The object of the present invention is to generally improve and simplify the construction and operation of dental casting devices of the character described; to provide a combination heater and casting ring which are adapted for insertion in a centrifugal, pressure. or like casting machine; to provide a heater and casting ring which is adapted to be electrically heated directly in the casting machine and maintained at the proper temperature up to the very moment the molten metal is to be cast; to provide a casting ring which is removable from the heater so that a number of casting rings may be prepared and cast one after another in the same heater; to provide a casting ring which will require a minimum of investment able temperature drop in the investment material I which is undesirable, due to the comparatively 1937, Serial No. 144,878
material and from which the investment material and the completed casting, may be quickly and readily removed and further, to provide an electricallyactuated heater which is brought up to the proper temperature in a comparatively short period of time and in which the current consumption is maintained at a minimum.
The invention is shown by way of illustration in the accompanying drawing in which- Fig. l is a perspective view of the heater;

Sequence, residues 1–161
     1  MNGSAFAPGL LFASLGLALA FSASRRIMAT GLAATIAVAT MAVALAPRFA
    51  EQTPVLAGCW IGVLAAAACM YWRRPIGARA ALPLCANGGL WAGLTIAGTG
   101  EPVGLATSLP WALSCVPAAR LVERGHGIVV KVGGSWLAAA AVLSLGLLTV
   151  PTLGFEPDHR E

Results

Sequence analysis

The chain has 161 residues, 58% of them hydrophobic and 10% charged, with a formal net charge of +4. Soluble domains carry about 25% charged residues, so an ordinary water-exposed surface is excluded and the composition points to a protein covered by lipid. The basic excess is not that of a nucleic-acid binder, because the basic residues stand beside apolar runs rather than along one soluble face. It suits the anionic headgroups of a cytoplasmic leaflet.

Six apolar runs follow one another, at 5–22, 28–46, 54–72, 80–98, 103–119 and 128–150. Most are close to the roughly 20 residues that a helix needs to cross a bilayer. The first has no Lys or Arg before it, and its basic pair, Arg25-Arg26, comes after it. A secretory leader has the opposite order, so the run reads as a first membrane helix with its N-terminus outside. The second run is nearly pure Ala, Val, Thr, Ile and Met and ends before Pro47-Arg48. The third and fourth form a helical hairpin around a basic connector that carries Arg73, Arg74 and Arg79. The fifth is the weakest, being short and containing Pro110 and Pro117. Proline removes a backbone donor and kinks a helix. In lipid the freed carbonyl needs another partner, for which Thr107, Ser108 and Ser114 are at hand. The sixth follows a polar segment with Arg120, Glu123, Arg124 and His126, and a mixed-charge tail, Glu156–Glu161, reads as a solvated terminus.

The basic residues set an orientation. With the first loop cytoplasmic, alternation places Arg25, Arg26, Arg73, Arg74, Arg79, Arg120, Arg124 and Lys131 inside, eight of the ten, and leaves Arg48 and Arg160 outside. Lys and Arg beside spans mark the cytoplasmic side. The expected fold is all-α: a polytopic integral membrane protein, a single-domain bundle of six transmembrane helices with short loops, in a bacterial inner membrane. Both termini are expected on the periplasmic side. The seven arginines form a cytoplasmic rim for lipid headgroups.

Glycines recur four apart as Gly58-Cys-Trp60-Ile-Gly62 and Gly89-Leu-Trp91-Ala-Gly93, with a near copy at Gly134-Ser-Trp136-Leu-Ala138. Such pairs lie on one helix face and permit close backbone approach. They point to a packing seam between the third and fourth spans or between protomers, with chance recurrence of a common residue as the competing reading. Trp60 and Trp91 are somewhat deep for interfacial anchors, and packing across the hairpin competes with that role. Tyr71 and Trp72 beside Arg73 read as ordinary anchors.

Fig. 2 is a central vertical section of the heater, said view showing the casting ring in position in the heater; I
I Fig, 3 is a side elevation of a sprue former showing the sprue pin and wax pattern mounted thereon; I
Fig. 4 is a vertical section of the inlay ring showing it in position on the sprue former and also showing the investment material after it has may have the appearance of that indicated at 2 in Fig. 3. It is placed on a pin 3 which is known as a sprue pin, and this pin is in turn placed in a rubber plate known as a sprue former which is indicated at t. I Atubular sleeve 6, known as an has been made, the wax pattern is removed and inlay ring, terminates in a rounded head section 1 terminating in an annular flange 8. A thin composition of inlay investment material or the like is poured into the inlay ring from the upper end until it is full, as in Fig. 5, the investmentpainted pattern on the sprue pin and former is gently worked down into the investment filled ring and seated. The inlay ring and sprue former are left until the investment material has set, as in Fig. 5, and the sprue former, together with the pin 3. is removed. This leaves the wax pattern within the investment material as shown at 9 in Fig. 5, and it leaves the passage l0 where the sprue pin has been removed. I
The next "operation in general practice is to place the inlay ring in a small furnace and there heat it until the wax pattern melts and only a small portion of wax flows out of the hole ID. as the rest remains and c'arbonizes on the wall of the mold and leaves a residue. The gold or other melting the wax so that it will flow out is provided. This furnace is best shown in Figs. 1 and 2.'